Octopath Traveler II Review – Here I Go Solo Again
Octopath Traveler II for Nintendo Switch
In 2018, the Nintendo Switch was given an exclusive limited-time gift with Octopath Traveler from Square Enix. It boasted a rock-solid combat system, beautiful graphics, a lullaby soundtrack, and countless hours of content. It was and still is one of my favorite games on the hybrid console.
Having spent a considerable amount of time with its successor brings with it many emotions and proves to be a distillation of everything that made the first title good, while still falling short in many ways. Trying to unpack how you feel about it is ultimately a question of what you really want from a sequel, and it’s a question I’m still pondering about the answer to.
First, let’s break down the basics. As hinted at in our preview, Octopath Traveler II is a standalone sequel to yesterday’s smash hit JRPG. You choose one of eight protagonists, travel the continents and assemble the rest of the team, working together in turn-based combat as each character continues their own story chapter by chapter.
These characters are, for the most part, just as solid as the heroes from the original. The animalistic hunter Ochette is particularly endearing, and the clergyman Temenos’ whimsical approach to theology is well written. Of course, some of their motivations are far more compelling than others; Grey-haired scholar Osvald seeks revenge for the murder of his family, while dancer Agnea strives for fame. Why Osvald would please them by joining forces is beyond me (five years in prison left him craving a bit of sparkle?), but we’ll get back to the story’s entanglement later.
Just like Octopath Traveler I – for better or for worse, we’ll refer to this game a lot – each character’s checkpoints are scattered around the map, which makes sense from a gameplay perspective, while the narrative flow gets a bit inconsistent, especially when it’s a one while researching the progress of a specific hero. All eight stories are satisfying in their own way once you get past that hurdle, though they tend to dip into the well of double crosses a little too often. Namely; You will experience many moments cursing your sudden but inevitable betrayal.
The combat system revolves around two main concepts; enemy weaknesses and boost points (BP). Each of the protagonists is equipped with one or two different weapons and a variety of elemental abilities. If you hit an enemy with an attack they are weak for, their shield points will be reduced by one. When this value reaches zero, you will break the enemy, incapacitating them for the next turn and making all your attacks critical for that time.
Trying to guess what an enemy might be weak for is part of the fun, and once you know what they don’t like, you can use those boost points. Each turn you add another BP to your characters (maximum five). These BP allow you to unleash multiple weapon hits in a row, up to four at a time. This allows you to hack through shield points faster, although it takes an extra turn for your BP to refill after use.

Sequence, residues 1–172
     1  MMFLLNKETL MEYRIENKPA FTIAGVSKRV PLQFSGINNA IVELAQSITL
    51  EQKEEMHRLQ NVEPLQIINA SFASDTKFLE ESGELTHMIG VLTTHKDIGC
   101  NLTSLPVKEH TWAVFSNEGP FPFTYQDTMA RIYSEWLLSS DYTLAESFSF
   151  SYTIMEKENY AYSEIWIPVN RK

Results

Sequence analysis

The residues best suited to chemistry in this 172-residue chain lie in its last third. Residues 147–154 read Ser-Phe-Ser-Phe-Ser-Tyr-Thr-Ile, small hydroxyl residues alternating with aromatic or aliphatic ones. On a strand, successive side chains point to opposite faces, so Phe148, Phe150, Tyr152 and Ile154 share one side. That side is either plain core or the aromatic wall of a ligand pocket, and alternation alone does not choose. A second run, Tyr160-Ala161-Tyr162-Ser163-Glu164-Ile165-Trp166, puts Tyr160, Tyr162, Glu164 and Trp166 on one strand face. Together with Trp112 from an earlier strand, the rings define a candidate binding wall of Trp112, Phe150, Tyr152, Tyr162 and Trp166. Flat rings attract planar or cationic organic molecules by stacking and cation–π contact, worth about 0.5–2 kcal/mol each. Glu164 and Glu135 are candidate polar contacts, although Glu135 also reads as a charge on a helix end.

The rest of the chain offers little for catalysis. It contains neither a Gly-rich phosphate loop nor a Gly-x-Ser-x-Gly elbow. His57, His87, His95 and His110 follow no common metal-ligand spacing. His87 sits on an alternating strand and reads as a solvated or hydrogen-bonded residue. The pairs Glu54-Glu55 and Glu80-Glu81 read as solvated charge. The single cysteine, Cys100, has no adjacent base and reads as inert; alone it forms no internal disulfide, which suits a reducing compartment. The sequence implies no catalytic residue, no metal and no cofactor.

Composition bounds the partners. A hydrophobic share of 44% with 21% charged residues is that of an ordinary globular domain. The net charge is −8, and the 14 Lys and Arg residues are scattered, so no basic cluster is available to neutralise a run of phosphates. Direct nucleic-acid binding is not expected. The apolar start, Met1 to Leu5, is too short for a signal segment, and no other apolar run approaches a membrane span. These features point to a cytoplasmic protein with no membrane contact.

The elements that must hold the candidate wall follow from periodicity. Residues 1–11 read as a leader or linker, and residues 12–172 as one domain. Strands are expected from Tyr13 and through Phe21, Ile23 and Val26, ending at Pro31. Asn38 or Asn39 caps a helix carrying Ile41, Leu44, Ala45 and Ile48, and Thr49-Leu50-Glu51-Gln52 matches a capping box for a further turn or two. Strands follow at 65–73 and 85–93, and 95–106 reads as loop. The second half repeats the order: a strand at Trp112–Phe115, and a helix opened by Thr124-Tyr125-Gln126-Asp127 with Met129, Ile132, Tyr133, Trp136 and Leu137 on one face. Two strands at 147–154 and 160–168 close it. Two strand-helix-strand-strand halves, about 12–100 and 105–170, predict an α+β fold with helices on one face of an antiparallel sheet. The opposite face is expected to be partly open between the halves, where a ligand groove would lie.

New to the formula are Latent Powers; a special ability unique to each character, tied to a meter that fills as they take damage or break enemies. The thief Throné gains another action in the same turn, while the warrior Hikari gains temporary access to a new set of powerful attacks, and so on.
These serve as a welcome addition for the most part, however, there is one distinct gap in value that quickly becomes apparent. Temenos can exploit a weakness with any weapon type, while Agnea can attack any target with her next strike. Considering she can now dish out the overpowered Ruinous Kick to multiple enemies—which, of course, breaks defenses anyway—she usually leaves the cleric in the dust.
The combat system is complex and nuanced, with opportunities to add a secondary class and other such folds to each character, and mastering it is a satisfying, engaging process. This is especially true as you progress through the game, where powerful bosses will test your brain power with their attack patterns.
All of this is presented in the HD 2D visuals that remain enchanting to this day and have reached near perfect levels. Octopath Traveler relied too heavily on focus pulls and a native shadow clipping aesthetic, causing environments to feel somewhat limited in scope, a problem that has been overcome in the years since. The suitably immersive soundtrack, on the other hand, is just as up to the task and still manages to surprise: I wasn’t expecting to hear an electric guitar and saxophone duet in Partitio’s theme, but when it kicked in, I broke my bloody heart out.
The animations are more polished and fluid, and it’s downright invigorating to see a boss character being blasted into a massive, menacing threat once you’ve engaged them in mortal combat. If you want an example of how sprite work should look like, it’s quite simple.